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A midwife of drummers, Ubaka (oo-BAH-ka) Hill reminds us that we live with a drum inside us: our heart. Through the power of community and the drum we can move toward personal healing and expansion that's good for the whole world.   Explore more from Ubaka Hill   More
Internationally known vinyasa flow yoga teacher, Seane Corn and Mark Lilly, founder and president of Street Yoga, discuss what it means to be an everyday activist and why yoga will help you reach deeper inside yourself than you ever have before in order to be of service to the world around you. Learn more about the Yoga Service Conference: http://www.eomega.org/omega/yoga-service-conference/ More
In this quick exercise, Barbara Stanny, MA, author of Overcoming Underearning®, asks you to think back to your earliest memory of money in order to uncover how those decisions have shaped your financial life today.   More
A survivor of the killing fields of Cambodia, Loung Ung's parents and two of her siblings were killed and she was forced to train as a child soldier. In this powerful video, she reveals what her mother taught her about the power of the heart to survive anything. Learn more about Loung Ung: http://eomega.org/omega/faculty/viewProfile/ace88d16f65295193fef8bd91d6a6445/ More

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Omega Institute What Is the Fossil Fuel Divestment Movement?
The fossil fuel divestment movement is a grassroots effort to stop climate change by influencing how institutions and governments invest their money. Since it started several years ago, the movement has gained momentum. More
Omega Institute Waking Up to the World Around Us by Hala Khouri
An Interview With Hala Khouri
Zubin: You are one of the founders of Off the Mat, Into the World®. In your view of yoga, there’s a big service component. Can you explain? More
Omega Institute Can Contemplative Practice Teach Us to Think Better by Daniel P. Barbezat and Mirabai Bush
One of the claims of higher education, and particularly of liberal arts colleges, is that we teach students how to think. What does this actually mean? Surely our students can think, so in what sense do they need to be taught to think? Maybe it means that we aid them in developing their analytical problem-solving skills and their ability to integrate different aspects of situations creatively. Certainly one of the goals of contemplative exercises is to develop these skills. More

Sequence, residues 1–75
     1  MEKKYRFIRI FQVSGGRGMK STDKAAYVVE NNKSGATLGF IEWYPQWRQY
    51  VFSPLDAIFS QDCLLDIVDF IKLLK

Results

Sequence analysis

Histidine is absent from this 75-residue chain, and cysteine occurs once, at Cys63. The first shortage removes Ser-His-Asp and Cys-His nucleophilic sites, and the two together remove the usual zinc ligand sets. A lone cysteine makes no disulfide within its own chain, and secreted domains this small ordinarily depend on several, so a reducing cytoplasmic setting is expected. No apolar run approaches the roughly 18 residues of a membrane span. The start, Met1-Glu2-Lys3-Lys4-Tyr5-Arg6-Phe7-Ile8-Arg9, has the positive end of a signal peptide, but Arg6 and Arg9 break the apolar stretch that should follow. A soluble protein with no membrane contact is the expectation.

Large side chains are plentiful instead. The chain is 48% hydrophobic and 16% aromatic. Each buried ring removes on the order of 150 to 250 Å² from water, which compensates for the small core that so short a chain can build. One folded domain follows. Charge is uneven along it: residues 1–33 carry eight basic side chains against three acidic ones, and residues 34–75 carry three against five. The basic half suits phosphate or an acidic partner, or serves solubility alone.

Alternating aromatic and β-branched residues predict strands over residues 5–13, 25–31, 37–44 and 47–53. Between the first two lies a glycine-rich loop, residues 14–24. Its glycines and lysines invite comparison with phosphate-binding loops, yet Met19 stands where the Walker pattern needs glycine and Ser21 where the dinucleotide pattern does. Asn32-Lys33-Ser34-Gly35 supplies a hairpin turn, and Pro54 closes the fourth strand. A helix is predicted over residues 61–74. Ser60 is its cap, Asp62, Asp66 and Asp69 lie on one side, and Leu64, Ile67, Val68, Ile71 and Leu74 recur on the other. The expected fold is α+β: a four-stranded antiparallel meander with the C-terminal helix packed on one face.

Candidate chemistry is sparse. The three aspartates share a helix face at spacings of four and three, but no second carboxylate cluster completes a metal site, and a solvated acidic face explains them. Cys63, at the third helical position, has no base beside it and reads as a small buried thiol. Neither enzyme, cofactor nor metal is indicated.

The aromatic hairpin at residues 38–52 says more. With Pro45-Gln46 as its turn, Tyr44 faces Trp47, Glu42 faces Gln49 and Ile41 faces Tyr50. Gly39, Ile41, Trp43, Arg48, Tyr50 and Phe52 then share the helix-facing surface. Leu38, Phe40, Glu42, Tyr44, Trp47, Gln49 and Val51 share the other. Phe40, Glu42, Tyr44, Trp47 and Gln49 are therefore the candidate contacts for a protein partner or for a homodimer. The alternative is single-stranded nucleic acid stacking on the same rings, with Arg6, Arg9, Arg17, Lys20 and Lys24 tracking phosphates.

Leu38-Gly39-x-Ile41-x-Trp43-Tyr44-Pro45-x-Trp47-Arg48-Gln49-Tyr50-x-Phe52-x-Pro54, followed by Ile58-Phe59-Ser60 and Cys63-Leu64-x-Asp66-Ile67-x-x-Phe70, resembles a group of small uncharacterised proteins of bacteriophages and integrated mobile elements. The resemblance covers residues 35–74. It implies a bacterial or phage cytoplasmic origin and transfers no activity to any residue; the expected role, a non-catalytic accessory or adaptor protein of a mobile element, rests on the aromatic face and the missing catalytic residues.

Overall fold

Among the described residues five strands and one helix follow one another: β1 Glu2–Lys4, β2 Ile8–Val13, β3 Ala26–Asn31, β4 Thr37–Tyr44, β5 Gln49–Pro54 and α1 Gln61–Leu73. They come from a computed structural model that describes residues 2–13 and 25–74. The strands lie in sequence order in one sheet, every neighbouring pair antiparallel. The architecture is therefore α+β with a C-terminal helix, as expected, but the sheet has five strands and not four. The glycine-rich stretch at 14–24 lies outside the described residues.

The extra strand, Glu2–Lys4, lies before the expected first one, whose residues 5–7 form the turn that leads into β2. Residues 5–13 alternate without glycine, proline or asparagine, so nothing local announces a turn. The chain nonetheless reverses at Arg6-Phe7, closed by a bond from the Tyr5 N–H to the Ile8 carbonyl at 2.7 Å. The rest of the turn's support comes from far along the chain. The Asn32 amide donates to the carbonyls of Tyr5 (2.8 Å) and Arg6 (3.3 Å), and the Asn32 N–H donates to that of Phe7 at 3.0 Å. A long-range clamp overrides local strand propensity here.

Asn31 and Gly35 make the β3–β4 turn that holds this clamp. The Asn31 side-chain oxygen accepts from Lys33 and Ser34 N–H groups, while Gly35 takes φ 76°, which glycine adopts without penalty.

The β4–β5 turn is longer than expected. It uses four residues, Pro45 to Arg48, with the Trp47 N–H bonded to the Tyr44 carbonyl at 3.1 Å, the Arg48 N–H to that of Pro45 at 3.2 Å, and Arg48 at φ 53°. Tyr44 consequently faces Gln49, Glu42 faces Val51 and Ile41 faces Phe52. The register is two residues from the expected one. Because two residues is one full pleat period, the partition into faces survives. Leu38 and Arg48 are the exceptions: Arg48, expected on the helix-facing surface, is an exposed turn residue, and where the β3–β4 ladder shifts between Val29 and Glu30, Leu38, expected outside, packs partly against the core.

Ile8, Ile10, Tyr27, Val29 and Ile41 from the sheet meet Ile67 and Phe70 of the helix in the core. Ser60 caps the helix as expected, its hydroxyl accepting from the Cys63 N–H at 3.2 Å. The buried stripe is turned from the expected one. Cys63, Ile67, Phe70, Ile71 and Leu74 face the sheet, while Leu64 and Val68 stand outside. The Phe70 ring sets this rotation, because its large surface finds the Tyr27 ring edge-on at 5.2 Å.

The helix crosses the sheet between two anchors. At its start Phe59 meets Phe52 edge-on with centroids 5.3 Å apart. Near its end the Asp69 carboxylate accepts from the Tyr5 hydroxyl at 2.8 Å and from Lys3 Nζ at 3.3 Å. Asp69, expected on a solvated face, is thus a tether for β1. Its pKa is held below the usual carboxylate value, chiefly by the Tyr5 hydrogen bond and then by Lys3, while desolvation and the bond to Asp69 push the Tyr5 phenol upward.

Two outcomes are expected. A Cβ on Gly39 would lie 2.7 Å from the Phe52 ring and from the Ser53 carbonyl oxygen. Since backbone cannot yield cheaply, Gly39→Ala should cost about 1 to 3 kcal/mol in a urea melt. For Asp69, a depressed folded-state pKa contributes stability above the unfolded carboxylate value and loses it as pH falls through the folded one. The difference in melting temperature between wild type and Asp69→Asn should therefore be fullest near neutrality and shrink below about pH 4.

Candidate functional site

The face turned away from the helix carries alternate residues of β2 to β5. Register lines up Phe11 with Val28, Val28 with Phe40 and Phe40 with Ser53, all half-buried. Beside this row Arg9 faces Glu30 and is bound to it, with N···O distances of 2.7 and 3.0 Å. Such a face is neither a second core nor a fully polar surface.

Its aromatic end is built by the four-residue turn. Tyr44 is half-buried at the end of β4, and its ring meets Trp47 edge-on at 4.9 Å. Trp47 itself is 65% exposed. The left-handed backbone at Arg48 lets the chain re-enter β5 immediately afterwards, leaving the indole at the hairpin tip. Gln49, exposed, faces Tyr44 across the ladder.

Omega Institute Compassion in Action by Ram Dass
Compassion in action is paradoxical and mysterious. It is absolute, yet continually changing. It accepts that everything is happening exactly as it should, and it works with a full-hearted commitment to change. More
Mindfulness does not belong to Christianity, Buddhism, or Taoism, just as the breath we inhale and exhale does not belong to any one of us. Everywhere human beings have lived, we have needed to cultivate attention; whether it was for hunting, fashioning tools or clothes, or intellectual pursuits. We have always needed compassion to live in harmony and enjoy our lives. Humans from every culture have developed wisdom to ask the big questions of life. These universal practices have been cultivated throughout millennia—or, we may say, they have cultivated us. More
Stephanie Coontz
An Interview With Stephanie Coontz
Omega: You say marriage has changed more in the past 30 years than in the past 3,000 years. You’ve said that the very traits that make marriage in our contemporary society more rewarding have also made it less stable. How so? More
Marriage and Gender Equality Today
An Interview With Stephanie Coontz
Omega: You’ve noted that the gains of feminism in achieving gender equality interact in contradictory ways with growing economic inequality. What is the most urgent role of feminism going forward?  More
Omega Institute Navigating Our Differences by Daniel P. Barbezat and Mirabai Bush
One of the great advances in higher education over the past 50 years has been the increase in variation among students, faculty, administration, and staff. This has deepened the learning within classrooms, greatly enriched both our institutions and our society, and given opportunities to a far greater number of people than ever before. We believe it is important to stress “variation” rather than “diversity” because as difference (diversity) rises, we need to keep a focus on our common connection (variation). We acknowledge difference and also hold our commonality. More

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